The export of flowers and plants from the Netherlands is climbing this year to a new record of € 6 billion. Floridata and the VGB (Association of Wholesale Traders of Ornamental Plant Products) base this on the results up to and including November. "The outlook for 2018 is good, although there are also bottlenecks", according to the organizations. Cooperation, digitization, sustainability and positioning are important themes in the flower and plant wholesale. The Netherlands plays an important role internationally as a versatile and future-proof trading partner.
5% increase in turnover of RFH
At the same time, things are also going well for Royal FloraHolland. Their turnover increased by 5% last month, compared to the same month a year earlier. This increase is explained by a decrease in the supply of small-flowered roses from Africa, which meant that the pricing of other cut flowers was better. At the same time the auction sees a huge export increase to Russia (no less than 40%), more product went to Poland and the Czech Republic and the export to Germany was a bit disappointing. It is also striking that the export on the UK was the same as last year. Furthermore, both the turnover and the price of flowers increased by 10% and there are worries in the orchid sector about a sharp fall in prices (14%). More information about FloraHolland's turnover can be found here (in Dutch).
In November, flower and plant exports from the Netherlands rose by 4% to € 455 million. Flowers (+ 7%) grew again faster than plants (+/- 0%) and that is a structural trend this year. Until the end of November, the export value is close to € 5.6 billion. "If the exporters realize the same turnover as in December last year, they just pass the historic milestone of € 6 billion," reports Wesley van den Berg from Floridata. Director Matthijs Mesken of the VGB regards that as a special achievement. "The longer you are at the top, the greater the efforts that are needed to maintain that leading position. The international competition does not stop," he concludes. Dutch exporters are expecting growth again in 2018 at total level.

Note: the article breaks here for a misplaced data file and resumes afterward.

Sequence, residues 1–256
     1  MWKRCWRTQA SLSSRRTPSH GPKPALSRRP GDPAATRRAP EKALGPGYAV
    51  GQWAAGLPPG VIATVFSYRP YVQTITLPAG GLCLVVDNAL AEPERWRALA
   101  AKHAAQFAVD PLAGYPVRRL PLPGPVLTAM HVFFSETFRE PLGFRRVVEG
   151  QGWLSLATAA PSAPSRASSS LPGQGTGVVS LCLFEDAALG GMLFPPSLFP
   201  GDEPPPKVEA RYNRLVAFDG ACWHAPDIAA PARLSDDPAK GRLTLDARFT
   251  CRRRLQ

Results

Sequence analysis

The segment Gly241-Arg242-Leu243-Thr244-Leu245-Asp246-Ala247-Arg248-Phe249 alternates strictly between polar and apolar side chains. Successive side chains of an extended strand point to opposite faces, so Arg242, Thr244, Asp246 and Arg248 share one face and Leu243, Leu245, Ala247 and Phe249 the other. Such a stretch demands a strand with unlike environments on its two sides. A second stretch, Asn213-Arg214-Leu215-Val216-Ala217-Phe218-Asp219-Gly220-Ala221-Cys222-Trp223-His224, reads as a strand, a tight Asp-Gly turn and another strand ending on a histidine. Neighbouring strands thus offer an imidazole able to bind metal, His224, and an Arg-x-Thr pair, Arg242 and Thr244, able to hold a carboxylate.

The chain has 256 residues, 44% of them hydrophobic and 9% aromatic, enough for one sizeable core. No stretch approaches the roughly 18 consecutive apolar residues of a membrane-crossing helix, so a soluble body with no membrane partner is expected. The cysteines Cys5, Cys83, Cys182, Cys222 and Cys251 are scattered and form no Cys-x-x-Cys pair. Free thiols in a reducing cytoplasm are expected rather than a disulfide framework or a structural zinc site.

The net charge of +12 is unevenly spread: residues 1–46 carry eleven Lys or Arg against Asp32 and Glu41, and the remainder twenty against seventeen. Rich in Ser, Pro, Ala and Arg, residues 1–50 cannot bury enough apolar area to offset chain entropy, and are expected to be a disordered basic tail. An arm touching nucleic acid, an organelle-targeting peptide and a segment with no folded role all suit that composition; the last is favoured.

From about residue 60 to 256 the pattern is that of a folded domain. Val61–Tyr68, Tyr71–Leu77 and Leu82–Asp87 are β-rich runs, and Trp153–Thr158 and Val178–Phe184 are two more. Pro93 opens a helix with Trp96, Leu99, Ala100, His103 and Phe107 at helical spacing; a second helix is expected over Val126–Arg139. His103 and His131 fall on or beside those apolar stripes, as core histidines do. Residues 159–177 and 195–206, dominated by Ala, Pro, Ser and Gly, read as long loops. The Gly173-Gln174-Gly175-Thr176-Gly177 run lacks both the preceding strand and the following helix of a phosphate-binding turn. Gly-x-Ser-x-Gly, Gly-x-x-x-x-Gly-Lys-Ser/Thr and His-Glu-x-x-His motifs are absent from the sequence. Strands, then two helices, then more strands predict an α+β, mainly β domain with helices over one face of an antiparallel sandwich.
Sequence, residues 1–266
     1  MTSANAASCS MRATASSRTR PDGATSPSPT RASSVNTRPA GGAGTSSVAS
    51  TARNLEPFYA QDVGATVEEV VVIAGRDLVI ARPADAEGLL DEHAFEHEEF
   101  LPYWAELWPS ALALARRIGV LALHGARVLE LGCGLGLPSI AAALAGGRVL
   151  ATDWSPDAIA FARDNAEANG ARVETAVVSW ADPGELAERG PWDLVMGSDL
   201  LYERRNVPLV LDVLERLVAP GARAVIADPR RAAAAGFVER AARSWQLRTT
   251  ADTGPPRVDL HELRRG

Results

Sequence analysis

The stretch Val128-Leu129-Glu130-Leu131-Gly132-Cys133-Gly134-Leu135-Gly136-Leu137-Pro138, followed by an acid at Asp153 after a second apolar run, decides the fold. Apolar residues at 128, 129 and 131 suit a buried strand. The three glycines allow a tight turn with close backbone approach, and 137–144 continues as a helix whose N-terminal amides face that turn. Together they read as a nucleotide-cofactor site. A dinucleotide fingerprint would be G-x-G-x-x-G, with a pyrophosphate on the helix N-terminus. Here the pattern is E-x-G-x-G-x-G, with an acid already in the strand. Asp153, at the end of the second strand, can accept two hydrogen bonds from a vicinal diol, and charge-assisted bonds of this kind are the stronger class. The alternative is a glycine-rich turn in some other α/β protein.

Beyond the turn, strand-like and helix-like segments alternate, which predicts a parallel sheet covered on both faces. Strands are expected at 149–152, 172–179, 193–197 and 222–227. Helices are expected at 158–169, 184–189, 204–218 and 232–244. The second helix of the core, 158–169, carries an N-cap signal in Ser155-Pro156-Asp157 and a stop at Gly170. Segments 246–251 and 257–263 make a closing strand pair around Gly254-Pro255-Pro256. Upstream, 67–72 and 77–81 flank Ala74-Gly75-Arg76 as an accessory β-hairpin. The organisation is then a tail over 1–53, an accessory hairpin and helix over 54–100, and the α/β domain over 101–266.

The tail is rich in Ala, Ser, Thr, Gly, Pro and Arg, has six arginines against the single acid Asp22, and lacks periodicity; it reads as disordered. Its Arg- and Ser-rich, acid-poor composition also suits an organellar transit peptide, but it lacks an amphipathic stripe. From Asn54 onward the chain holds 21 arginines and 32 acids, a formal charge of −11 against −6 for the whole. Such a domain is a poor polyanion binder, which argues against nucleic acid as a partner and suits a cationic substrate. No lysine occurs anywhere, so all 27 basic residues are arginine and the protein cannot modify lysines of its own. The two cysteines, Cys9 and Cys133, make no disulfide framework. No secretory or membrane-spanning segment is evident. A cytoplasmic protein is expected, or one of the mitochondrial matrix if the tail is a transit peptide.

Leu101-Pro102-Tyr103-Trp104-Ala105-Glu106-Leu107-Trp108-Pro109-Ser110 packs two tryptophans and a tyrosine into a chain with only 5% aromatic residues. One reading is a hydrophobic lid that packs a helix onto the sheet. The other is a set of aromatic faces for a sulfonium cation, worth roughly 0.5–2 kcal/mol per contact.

"In case of stronger competition between the companies in the floriculture cluster, cooperation in sub-areas becomes more important". This is said by CEO Marco van Zijverden of Dutch Flower Group, which as market leader achieved an above-average growth. He refers in that way to themes such as sustainability, digitization and positioning. "Cooperation is also becoming increasingly important in our segment. This is necessary because of the thin margins, but you also can develop new business models from it," says Joost Leeuwenburg of L&M. This wholesaler operates as an import and sales organization for exporters and flower growers.
"Sustainability is one of the biggest challenges in the floriculture sector. The retail sector is asking for it more and more and Lemkes wants to be at the forefront because the world needs it", according to Managing Director Michiel de Haan of Royal Lemkes, with plants as a base specializing in large-scale retail. Van Zijverden refers to the recently signed Sustainability Manifesto, with the Acceleration Initiative certification on environment and social aspects, where Royal Lemkes is also one of the initiators. This is linked to the FSI (Floriculture Sustainability Initiative). "Sustainability in the floricultural sector can and must be accelerated. We want to trade at least 90% sustainable flowers and plants in 2020."